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Introduction to Nanotechnology:

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Introduction to Nanotechnology:

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Presentation on theme: "Introduction to Nanotechnology:"— Presentation transcript:

1 Introduction to Nanotechnology:
Overview and Introduction to Nanotechnology: What, Why and How Mark Tuominen Professor of Physics Jonathan Rothstein Professor of Mechanical Eng.


3 NSF Center for Hierarchical Manufacturing
"NSEC" NSF Center for Hierarchical Manufacturing A Center on Nanomanufacturing at UMass Research Education Outreach

4 STEM Careers - Currently, there are 14 million people unemployed people in the U.S. and 3 million unfilled STEM jobs -- There is a STEM skills gap! U.S. News & World Report STEM Solutions 2012 Leadership Summit: June 27-29, 2012

5 STEM Skills - Mathematical literacy
Ability to apply STEM knowledge to real-world situations There are many technician-level jobs Need many STEM-skilled people for sophisticated jobs in manufacturing Typically, students are not aware of the types of jobs a STEM education can lead to Science DOI: /science.caredit.a Michael Price July 6, 2012

6 The biggest science initiative since the Apollo program
Nanotechnology The biggest science initiative since the Apollo program

7 1 nanometer = 1 billionth of a meter
Nanotechnology Nanotechnology is the understanding and control of matter at dimensions of roughly 1 to 100 nanometers, where unique phenomena enable novel applications. 1 nanometer = 1 billionth of a meter = 1 x 10-9 m

8 How small are nanostructures?
Single Hair Width = 0.1 mm = 100 micrometers = 100,000 nanometers !

9 Smaller still DNA 6,000 nanometers Hair . 100,000 nanometers
10 nm objects made by guided self-assembly . 100,000 nanometers

10 Quantum corral of 48 iron atoms on copper surface
The Scale of Things – Nanometers and More Things Natural Things Manmade 1 cm 10 mm Ant ~ 5 mm 10-2 m Head of a pin 1-2 mm Dust mite 200 mm The Challenge 1,000,000 nanometers = 10-3 m 1 millimeter (mm) MicroElectroMechanical (MEMS) devices mm wide Fly ash ~ mm Microwave 10-4 m 0.1 mm 100 mm Human hair ~ mm wide Microworld 10-5 m 0.01 mm 10 mm Pollen grain Infrared Red blood cells Red blood cells (~7-8 mm) 1,000 nanometers = Zone plate x-ray “lens” Outer ring spacing ~35 nm 10-6 m 1 micrometer (mm) Visible Fabricate and combine nanoscale building blocks to make useful devices, e.g., a photosynthetic reaction center with integral semiconductor storage. 0.1 mm 100 nm 10-7 m Ultraviolet Self-assembled, Nature-inspired structure Many 10s of nm Nanoworld 10-8 m 0.01 mm 10 nm ~10 nm diameter Nanotube electrode ATP synthase DNA ~2-1/2 nm diameter Atoms of silicon spacing nm 10-9 m 1 nanometer (nm) Carbon buckyball ~1 nm diameter Soft x-ray Carbon nanotube ~1.3 nm diameter 10-10 m 0.1 nm Quantum corral of 48 iron atoms on copper surface positioned one at a time with an STM tip Corral diameter 14 nm Office of Basic Energy Sciences Office of Science, U.S. DOE Version , pmd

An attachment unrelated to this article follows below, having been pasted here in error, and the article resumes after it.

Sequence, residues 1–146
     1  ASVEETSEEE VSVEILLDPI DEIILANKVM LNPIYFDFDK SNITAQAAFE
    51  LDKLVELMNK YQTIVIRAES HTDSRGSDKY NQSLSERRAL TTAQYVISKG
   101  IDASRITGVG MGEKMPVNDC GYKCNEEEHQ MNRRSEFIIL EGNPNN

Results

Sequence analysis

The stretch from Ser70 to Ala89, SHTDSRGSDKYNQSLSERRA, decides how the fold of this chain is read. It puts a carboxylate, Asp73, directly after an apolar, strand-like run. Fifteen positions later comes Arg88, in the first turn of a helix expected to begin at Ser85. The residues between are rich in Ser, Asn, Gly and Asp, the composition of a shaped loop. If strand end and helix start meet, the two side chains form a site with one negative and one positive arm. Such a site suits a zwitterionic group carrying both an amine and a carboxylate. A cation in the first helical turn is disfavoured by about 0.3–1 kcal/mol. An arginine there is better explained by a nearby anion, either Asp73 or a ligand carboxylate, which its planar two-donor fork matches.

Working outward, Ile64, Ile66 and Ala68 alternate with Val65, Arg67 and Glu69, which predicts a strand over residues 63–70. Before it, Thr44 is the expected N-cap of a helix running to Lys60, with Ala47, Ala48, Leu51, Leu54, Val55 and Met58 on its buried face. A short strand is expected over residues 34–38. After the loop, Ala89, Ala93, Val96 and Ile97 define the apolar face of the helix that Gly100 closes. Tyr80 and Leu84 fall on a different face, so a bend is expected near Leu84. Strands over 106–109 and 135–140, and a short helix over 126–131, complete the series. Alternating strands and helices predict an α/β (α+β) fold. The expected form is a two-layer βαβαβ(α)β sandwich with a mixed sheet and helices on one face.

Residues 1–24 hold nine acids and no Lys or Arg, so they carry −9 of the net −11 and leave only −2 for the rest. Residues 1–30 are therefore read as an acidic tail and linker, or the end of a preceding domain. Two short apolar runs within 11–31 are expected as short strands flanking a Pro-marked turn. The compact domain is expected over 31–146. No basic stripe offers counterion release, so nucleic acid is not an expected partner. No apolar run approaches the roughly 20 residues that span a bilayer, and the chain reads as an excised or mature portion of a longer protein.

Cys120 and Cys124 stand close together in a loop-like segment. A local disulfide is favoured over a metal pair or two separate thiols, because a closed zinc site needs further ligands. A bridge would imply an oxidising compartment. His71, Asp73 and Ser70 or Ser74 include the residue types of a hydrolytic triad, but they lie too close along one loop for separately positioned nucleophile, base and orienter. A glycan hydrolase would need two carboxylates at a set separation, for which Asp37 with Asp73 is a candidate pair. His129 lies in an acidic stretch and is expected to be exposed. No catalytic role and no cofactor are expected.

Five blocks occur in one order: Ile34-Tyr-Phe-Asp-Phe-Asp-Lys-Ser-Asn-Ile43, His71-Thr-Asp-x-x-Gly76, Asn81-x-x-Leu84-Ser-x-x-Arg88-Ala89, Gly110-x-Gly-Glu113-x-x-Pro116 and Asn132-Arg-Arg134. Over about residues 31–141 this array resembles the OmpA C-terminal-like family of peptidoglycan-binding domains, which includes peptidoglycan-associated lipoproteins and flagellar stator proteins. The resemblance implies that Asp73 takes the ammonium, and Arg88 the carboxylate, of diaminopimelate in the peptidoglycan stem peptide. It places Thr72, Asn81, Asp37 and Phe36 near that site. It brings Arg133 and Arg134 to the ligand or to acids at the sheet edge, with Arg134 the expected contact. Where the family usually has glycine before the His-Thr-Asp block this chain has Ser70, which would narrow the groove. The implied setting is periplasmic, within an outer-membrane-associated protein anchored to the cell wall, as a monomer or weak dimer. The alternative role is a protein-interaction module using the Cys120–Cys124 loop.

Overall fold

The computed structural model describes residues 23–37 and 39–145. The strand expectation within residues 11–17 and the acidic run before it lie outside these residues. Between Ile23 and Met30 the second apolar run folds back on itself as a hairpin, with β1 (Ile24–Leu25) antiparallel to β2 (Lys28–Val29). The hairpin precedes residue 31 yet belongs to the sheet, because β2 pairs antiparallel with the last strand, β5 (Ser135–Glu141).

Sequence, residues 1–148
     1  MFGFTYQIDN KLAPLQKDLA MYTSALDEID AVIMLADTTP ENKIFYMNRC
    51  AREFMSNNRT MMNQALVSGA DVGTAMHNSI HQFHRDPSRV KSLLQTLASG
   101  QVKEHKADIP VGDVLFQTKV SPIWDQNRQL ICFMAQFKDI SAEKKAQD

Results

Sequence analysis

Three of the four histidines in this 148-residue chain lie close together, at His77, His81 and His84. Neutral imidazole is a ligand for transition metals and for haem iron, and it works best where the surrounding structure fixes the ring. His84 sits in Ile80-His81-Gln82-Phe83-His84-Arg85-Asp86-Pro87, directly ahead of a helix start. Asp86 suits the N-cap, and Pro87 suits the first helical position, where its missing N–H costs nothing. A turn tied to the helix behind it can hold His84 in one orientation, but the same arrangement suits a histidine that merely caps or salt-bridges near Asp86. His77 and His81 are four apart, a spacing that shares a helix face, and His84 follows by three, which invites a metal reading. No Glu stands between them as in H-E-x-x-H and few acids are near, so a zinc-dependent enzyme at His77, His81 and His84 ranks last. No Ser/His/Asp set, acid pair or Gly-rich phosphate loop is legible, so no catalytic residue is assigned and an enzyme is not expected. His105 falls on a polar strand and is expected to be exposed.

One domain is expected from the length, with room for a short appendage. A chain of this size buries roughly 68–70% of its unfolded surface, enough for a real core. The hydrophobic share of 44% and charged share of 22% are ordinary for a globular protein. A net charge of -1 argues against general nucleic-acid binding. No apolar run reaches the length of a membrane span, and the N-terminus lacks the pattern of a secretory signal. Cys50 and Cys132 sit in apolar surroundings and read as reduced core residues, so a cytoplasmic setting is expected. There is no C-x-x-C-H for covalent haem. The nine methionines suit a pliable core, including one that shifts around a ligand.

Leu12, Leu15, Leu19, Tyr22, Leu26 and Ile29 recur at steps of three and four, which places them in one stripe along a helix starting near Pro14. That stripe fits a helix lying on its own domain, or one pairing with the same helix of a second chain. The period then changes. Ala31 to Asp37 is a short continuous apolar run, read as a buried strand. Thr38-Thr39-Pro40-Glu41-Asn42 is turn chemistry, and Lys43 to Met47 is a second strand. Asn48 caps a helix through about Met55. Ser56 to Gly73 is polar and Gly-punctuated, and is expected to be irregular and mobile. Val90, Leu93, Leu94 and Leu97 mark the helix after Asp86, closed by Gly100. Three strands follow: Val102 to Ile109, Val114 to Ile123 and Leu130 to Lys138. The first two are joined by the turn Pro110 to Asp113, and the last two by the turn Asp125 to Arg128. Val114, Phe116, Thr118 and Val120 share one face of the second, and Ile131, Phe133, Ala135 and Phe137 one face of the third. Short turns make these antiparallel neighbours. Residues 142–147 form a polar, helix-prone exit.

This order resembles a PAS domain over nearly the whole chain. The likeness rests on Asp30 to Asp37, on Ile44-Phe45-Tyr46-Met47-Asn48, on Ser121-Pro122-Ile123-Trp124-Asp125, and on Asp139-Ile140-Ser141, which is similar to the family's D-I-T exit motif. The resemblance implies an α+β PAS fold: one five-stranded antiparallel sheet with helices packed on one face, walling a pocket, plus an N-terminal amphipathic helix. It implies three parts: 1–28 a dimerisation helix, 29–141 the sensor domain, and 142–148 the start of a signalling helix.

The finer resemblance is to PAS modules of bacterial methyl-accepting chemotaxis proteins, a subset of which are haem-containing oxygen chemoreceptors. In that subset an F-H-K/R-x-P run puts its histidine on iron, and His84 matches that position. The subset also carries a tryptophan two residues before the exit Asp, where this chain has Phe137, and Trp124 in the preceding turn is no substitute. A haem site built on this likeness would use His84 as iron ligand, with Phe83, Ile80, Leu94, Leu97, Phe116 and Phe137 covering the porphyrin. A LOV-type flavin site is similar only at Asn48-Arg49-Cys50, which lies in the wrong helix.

11 Applications of Nanotechnology

12 First, One Example: iPod Data Storage Capacity
10 GB 2001 20 GB 2002 40 GB 2004 80 GB 2006 160 GB 2007 Hard drive Magnetic data storage Uses nanotechnology!

13 Hard Disk Drives - a home for bits

14 Magnetic Data Storage A computer hard drive stores your data magnetically “Read” Head Signal “Write” Head current magnets S N Disk N S 1 _ “Bits” of information direction of disk motion

15 Improving Magnetic Data Storage Technology
The UMass Amherst Center for Hierarchical Manufacturing is working to improve this technology Granular Media Perpendicular Write Head Soft Magnetic UnderLayer (SUL) coil 1 bit Y. Sonobe, et al., JMMM (2006) • CHM Goal: Make "perfect" media using self-assembled nano-templates • Also, making new designs for storage

16 Applications of Nanotechnology
Since the 1980's electronics has been a leading commercial driver for nanotechnology R&D, but other areas (materials, biotech, energy, and others) are of significant and growing importance. Some applications of nanotechnology has been around for a very long time already: Stained glass windows (Venice, Italy) - gold nanoparticles Photographic film - silver nanoparticles Tires - carbon black nanoparticles Catalytic converters - nanoscale coatings of platinum and palladium

17 Why do we want to make things at the nanoscale?
To make better products: smaller, cheaper, faster and more effective. (Electronics, catalysts, water purification, solar cells, coatings, medical diagnostics & therapy, and more -- a sustainable future!) To discover completely new physical phenomena to science and technology. (Quantum behavior and other effects.)

18 The National Nanotechnology Initiative - the website of the NNI

19 Types of Nanostructures
and How They Are Made

20 "Nanostructures" Nanoscale Devices and Systems Nano-objects